Rutgers goes home as St. John's gets the (non) calls
Let's review the unreviewable: Justin Brownlee traveled. He stepped out of bounds. He heaved the ball into the stands. He didn't get whistled for either of the first two offenses and didn't draw a technical for the third.
It was a terrible, awful, rotten way for St. John's to end Rutgers' season with a 65-63 victory in the Big East Conference tournament in Madison Square Garden. It was so awful that even the conference commissioner was contrite.
"The Big East Conference acknowledges that two separate officiating errors occurred at the conclusion of the St. John's vs. Rutgers game," Commissioner John Marinatto said of the performance by referees Jim Burr, Tim Higgins and Carl Walton in a statement issued by the Big East. "Both missed violations should have caused the game clock to stop and a change of possession to occur prior to the end of the game. Neither error is reviewable or correctable under NCAA playing rules."
See? It stinks. "That was a poor job and it's okay for us to say it," Jay Bilas said on "Mike and Mike in the Morning." Maybe change will be forthcoming, but it doesn't help Rutgers, which finishes 15-17. "I saw it on YouTube," Rutgers Coach Mike Rice said, personifying the high road. "There was a mistake. They will admit it. I made several mistakes, my players made several mistakes, I'm sure that my staff who thinks they're always right made several mistakes."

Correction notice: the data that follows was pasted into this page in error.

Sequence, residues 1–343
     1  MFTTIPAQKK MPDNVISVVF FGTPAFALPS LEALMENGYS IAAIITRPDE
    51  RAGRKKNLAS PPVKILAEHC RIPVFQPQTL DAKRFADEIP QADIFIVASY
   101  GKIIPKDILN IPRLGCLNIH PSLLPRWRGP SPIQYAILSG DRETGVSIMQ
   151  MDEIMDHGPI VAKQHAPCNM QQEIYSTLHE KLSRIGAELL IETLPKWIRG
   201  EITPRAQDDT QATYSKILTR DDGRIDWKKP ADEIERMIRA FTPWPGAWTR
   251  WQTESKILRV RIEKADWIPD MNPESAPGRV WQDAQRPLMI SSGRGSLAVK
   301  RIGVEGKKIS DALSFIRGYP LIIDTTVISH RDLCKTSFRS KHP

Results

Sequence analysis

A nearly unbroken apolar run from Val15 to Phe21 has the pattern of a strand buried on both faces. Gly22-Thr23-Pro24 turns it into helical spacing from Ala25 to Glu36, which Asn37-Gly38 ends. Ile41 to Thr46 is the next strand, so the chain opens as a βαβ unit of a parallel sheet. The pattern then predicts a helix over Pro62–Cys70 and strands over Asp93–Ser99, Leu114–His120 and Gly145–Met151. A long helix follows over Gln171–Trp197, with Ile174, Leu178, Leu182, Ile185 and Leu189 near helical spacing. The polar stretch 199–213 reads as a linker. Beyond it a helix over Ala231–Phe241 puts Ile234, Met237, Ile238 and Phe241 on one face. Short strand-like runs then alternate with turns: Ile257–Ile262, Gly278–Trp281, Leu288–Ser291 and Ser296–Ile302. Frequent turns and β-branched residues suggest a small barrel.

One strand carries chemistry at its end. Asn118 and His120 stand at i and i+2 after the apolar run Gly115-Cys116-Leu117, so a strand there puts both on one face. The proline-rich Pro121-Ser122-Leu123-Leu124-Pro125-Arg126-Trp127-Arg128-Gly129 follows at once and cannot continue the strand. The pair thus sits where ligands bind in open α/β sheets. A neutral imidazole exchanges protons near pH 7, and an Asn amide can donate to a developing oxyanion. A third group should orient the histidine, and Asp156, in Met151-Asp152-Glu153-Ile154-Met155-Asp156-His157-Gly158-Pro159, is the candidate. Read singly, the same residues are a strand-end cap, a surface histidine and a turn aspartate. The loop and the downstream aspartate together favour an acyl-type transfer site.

So St. John's, a New York City team, gets one in the Garden and advances and maybe, Ian O'Connor writes, feels like a Final Four team.
Good teams get better breaks. Charmed teams weather bad bounces and maneuver their way around the officials' human flaws to make deep runs in the NCAA tournament.
St. John's has declared itself one of those teams. St. John's is strong enough, and opportunistic enough, to reach the Final Four for the first time since 1985, a notion Dwight Hardy embraced on his postgame walk to the winning locker room.
"I think we have a great shot of making it to the Final Four," Hardy told ESPNNewYork.com. "If we can just play our style and get teams to play the way we want to play, we can beat anybody. We showed it here by beating Duke."
Maybe so. But that ending still stinks.
| March 10, 2011; 8:00 AM ET
Categories: College basketball
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